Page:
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IOP Publishing pledges to implement double-blind peer review

09 Sep 2020 Michael Banks
Journal papers
IOP Publishing aims to implement double-blind peer review on all of its journals by the end of 2021. (Courtesy: Shutterstock/PolyPloiid)

IOP Publishing, which publishes Physics World, has announced it will introduce double-blind peer review on all of its wholly owned journals by the end of 2021. The publisher says the rollout will be phased, with some journals shifting to double blind by the end of 2020, followed by the full portfolio of IOP Publishing-owned journals by the end of 2021.

Journal publishing has traditionally operated using single-blind peer review, in which the reviewers of the paper know who has written the paper, but the authors do not know who has reviewed their paper. Double-blind peer review, on the other hand, is when both the reviewers and authors do not know who each other are.

We believe that double-blind peer review is a significant step in the right direction

Kim Eggleton

IOP publishes 96 journals, around half of which are published jointly with or on behalf of partner societies. Since 2017 the publisher has offered double-blind peer review as an option for authors on two of its journals: Materials Research Express and Biomedical Physics & Engineering Express. After a year, author uptake of the double-blind review option was around 20% on each journal, with many authors being positive about the move, noting it to be fairer than single-blind peer review. Since then three more IOP Publishing journals – New Journal of Physics, Plasma Research Express and Engineering Research Express – have begun offering authors a choice of double-blind peer review, with uptake as high as 35%.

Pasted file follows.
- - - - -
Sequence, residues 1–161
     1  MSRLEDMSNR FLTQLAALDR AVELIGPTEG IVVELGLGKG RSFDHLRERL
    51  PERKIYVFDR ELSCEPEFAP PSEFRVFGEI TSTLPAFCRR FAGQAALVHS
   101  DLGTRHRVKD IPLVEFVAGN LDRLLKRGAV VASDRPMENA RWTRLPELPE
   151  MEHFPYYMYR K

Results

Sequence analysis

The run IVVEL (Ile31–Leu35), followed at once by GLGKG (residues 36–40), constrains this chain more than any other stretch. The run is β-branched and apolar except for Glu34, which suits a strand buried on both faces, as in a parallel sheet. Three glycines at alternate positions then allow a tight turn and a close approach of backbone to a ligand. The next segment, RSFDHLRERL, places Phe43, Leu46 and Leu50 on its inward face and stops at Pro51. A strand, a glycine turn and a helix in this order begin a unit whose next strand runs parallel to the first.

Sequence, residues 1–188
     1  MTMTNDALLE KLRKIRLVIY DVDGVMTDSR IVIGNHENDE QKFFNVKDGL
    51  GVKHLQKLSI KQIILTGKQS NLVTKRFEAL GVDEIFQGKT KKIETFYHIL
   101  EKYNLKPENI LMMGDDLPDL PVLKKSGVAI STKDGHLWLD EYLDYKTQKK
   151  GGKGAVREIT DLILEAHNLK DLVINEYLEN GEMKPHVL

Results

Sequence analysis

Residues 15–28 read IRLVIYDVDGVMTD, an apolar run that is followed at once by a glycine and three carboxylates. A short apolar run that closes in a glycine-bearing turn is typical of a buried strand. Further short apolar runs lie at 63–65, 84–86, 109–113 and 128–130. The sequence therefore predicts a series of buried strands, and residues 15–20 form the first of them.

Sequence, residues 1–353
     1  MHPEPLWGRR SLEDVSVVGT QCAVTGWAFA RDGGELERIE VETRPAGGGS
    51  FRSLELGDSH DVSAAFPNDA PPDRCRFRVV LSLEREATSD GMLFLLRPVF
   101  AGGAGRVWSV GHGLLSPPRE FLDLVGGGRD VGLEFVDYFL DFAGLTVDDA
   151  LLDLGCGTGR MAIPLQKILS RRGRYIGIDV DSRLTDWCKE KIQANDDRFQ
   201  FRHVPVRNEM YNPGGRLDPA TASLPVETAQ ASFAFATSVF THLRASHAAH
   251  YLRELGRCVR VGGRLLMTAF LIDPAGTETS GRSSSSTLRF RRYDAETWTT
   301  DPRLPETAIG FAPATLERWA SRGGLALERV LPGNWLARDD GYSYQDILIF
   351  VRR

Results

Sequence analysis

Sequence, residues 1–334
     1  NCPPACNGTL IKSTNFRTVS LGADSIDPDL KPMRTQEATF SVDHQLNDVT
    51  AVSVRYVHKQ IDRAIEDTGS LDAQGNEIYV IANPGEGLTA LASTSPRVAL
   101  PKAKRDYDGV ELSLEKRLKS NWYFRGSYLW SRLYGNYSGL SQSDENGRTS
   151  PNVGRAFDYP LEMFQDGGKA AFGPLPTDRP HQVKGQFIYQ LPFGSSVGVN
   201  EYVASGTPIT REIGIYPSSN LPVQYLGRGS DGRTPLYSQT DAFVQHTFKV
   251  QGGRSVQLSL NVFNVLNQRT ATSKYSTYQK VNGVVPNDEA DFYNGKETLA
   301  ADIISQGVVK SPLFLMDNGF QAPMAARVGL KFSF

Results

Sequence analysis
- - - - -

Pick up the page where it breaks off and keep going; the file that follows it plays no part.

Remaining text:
“Impartial evaluation”

IOP Publishing says that the move to apply double blind across all of its wholly owned journals is part of the publisher’s “dedication to tackle the significant gender, racial and geographical under-representation in the scholarly publishing process”. It adds that double-blind peer review “has the potential to reduce bias with respect to gender, race, country of origin or affiliation which should lead to a more equitable system”. Double-blind will be the default option when submitting a paper, but authors have the option to remain under the single-blind model.

“We believe that keeping both the author and the reviewers anonymous will mean the research is judged more fairly, giving authors a better chance of impartial evaluation,” says Kim Eggleton, integrity and inclusion manager at IOP Publishing. “We believe that double-blind peer review is a significant step in the right direction – but it is by no means a panacea. There is a lot more work to be done.”

Indeed, Eggleton adds that publishers have an “influential role” to play in making academia more inclusive. “By doing our best to ensure peer review is objective, we can increase the proportions of under-represented groups that get published,” she adds. “That links to funding, to promotions, to participation on editorial boards – all of which bring about more diverse role models to inspire the next generation of researchers.”

Penny Gowland from the University of Nottingham in the UK, who is an advocate for double-blind, says she is “absolutely delighted” by the move and by IOP Publishing “for listening and leading on this”. She adds that this is a “great day for the integrity of the scientific method and it provides natural justice for all scientists”.

  • IOP Publishing recently carried out a survey to understand what motivates researchers to carry our peer review. You can read the full report here.
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